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History of the RTLB service

Overall aim

The Resource Teachers: Learning and Behaviour (RTLB) service aims to improve learning and teaching for students with learning or behaviour difficulties.

RTLB are a group of itinerant specialists who provide support to ensure good educational outcomes for Years 1-10 students.

Special Education 2000

The Special Education 2000 initiative (developed from 1995-2000) focused on inclusive education and the provision of a more consistent approach to special education needs. The Ministry of Education established the RTLB service in 1998/9 as part of this initiative. The service would provide a more consistent approach to catering for students with additional learning and behaviour needs. The Ministry divided RTLB into cluster groups based on designated geographical areas to provide a shared service to the schools within that area. The Board of Trustees (BOT) of one school in each cluster became the cluster lead school and employed, accommodated, and managed the RTLB personnel.

With the large number of clusters there were some inconsistencies in the way the service was delivered. At the request of the Government early in 2000, Dr Cathy Wylie, an educational researcher, carried out a Review of Special Education 2000. The Review was released in August 2000. It reported an increase in a positive view of the RTLB service but did highlight some areas for improvement. As a result, the Ministry developed clearer criteria for the provision of the service (see pages 92 and 93 of the review).

The 2004 ERO report

In 2004, an Education Review Office (ERO) report highlighted a need for more consistency in delivery of the RTLB service across New Zealand (see 2004 ERO report.pdf  1 MB ). This report found many positive examples of RTLB practice with 62.5% of the clusters able to provide evidence of the improvements the service had made to student achievement.

ERO expressed concern that 37.5% of the clusters could provide little or no evidence the service had made a difference, and that only 20% of the clusters could provide evidence of improvements in Māori student achievement. This report made some recommendations for improvement to the service such as:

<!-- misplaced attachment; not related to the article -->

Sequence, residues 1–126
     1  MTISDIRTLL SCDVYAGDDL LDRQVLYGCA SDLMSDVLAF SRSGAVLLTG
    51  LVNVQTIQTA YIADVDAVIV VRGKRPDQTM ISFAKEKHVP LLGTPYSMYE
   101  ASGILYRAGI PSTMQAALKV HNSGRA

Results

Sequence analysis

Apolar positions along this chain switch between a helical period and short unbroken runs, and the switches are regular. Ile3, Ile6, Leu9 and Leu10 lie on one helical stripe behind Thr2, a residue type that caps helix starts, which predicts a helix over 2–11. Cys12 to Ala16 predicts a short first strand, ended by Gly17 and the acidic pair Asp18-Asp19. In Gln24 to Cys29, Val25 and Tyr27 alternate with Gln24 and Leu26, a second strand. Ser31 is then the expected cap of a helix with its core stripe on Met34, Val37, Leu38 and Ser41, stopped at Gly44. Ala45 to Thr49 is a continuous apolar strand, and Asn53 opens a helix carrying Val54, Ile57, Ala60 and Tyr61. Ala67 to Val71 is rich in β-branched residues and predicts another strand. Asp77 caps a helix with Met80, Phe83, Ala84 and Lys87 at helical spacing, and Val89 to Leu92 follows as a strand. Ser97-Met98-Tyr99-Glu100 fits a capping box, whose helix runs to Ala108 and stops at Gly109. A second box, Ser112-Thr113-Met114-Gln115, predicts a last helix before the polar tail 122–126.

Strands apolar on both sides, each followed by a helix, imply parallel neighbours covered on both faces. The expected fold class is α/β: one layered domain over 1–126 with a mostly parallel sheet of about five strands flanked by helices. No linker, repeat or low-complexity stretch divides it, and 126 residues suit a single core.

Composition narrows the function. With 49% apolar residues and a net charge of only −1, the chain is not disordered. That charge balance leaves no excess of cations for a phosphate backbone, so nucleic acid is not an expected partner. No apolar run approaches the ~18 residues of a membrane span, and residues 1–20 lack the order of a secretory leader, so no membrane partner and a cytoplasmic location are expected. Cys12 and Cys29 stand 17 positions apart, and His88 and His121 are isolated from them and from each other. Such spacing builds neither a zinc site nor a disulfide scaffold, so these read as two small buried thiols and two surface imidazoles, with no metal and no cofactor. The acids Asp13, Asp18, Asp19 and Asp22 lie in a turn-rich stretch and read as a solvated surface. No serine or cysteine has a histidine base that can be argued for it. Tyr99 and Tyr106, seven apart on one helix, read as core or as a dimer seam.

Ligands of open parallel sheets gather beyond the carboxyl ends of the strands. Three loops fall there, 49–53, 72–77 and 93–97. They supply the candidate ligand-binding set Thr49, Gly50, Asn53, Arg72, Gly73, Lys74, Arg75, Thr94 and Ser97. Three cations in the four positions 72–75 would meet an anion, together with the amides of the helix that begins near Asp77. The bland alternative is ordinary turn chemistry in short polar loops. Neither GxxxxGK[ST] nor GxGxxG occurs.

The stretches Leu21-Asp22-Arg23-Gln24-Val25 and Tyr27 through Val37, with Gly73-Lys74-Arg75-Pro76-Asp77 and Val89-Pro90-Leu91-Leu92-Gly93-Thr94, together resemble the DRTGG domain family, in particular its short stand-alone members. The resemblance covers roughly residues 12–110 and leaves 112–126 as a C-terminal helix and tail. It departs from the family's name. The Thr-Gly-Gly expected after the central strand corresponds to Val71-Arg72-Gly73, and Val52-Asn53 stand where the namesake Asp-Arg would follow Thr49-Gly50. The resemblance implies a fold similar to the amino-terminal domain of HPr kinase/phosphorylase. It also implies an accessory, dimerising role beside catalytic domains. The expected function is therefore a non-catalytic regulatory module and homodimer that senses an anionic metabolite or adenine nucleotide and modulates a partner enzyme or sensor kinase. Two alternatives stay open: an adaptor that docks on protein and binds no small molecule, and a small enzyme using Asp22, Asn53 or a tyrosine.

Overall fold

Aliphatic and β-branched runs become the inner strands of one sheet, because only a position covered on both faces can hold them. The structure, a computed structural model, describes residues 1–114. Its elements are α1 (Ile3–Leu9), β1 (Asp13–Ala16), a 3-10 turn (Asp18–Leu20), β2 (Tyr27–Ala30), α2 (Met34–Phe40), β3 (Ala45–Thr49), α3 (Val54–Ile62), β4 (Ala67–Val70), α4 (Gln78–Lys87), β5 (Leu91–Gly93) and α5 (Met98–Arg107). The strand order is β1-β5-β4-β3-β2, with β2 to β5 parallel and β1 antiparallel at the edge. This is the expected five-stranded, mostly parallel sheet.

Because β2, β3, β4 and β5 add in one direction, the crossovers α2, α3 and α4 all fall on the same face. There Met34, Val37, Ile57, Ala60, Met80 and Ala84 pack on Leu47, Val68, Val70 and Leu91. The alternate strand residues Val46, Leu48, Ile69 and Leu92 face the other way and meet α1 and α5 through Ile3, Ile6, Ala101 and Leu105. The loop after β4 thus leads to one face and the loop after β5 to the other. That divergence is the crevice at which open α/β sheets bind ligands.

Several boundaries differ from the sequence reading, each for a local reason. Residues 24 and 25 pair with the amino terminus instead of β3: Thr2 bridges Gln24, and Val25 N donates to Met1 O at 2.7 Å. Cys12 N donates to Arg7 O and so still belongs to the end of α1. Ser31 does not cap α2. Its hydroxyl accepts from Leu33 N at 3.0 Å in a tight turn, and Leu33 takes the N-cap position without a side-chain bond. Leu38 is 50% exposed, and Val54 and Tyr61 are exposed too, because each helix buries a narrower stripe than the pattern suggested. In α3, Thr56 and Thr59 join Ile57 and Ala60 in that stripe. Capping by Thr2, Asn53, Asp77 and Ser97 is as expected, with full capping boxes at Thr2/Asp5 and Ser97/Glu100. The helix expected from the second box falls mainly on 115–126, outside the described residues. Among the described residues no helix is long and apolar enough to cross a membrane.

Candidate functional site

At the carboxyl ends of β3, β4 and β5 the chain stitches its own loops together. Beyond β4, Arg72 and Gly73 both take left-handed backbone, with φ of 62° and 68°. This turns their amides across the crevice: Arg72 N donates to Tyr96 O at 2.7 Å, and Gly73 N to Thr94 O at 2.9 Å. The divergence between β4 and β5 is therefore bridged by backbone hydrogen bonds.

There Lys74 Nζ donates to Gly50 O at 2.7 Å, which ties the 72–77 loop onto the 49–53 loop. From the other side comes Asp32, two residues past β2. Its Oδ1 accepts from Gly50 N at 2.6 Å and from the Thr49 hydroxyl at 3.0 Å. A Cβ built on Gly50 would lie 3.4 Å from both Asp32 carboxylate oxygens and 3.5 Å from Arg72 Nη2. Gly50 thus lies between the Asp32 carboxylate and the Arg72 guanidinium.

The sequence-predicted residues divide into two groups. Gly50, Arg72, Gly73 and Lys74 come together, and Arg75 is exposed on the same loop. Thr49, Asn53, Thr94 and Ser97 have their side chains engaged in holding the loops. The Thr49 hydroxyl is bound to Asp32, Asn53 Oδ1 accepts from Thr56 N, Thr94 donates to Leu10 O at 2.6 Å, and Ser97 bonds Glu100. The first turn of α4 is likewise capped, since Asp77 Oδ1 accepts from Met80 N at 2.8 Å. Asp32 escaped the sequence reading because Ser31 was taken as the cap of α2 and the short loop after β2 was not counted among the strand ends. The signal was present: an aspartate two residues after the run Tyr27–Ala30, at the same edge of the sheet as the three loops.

• improve the quality and consistency of the RTLB service
  • provide supervision and support to practitioners
  • increase the effectiveness of the service for Māori students.

In response to this, the Ministry of Education formed an RTLB Project Team to develop the Resource Teachers: Learning and Behaviour (RTLB) Policy and Toolkit (2007). This document provided schools with guidelines for the management and accountability of the RTLB.

The 2009 ERO report

In 2009, ERO reviewed the RTLB service again (see 2009 ERO report.pdf  355 kB ). The report suggested little had changed from 2004, largely because the governance and management structures had not changed. As in 2004, ERO found examples of good practice but these were evident in just under half of the clusters they reviewed. Just over half of the clusters were not well managed, with needs and priorities not identified or RTLB not being employed appropriately.

In some cases ERO noted a lack of support for RTLB and ineffective monitoring of practice. It questioned the service’s value for money because of inconsistencies in many areas, including management, evidence of effectiveness, use of data to inform practice, self-review, accountability, and practice. ERO recommended a review of the cluster model to ensure a more cohesive delivery, better management of the service, and a more effective allocation of resources on the basis of need.

By 2009/2010 there were approximately 200 clusters throughout New Zealand and it was evident from the two ERO reports that this was becoming unwieldy and hard to manage. In addition, the education sector had expressed concerns about the provision of the service, as noted in the later Ministry hui presentation to RTLB and principals, May/June 2011 (see RTLB regional meeting presentation 23 May[1].pdf  485 kB ).

The RTLB 2010 review and transformation

In September 2010, the then Minister of Education, Minister Tolley, instructed the Ministry of Education to review and transform the RTLB service. The Ministry was keen to achieve greater governance, better alignment with other special education services, stronger professional leadership, more consistent practice, a focus on Māori and Pasifika students, and better support systems for RTLB. The aim of the transformation was to ensure a better deal for students with learning and behaviour difficulties.

The RTLB transformation took place at the beginning of 2012 with 40 RTLB clusters.

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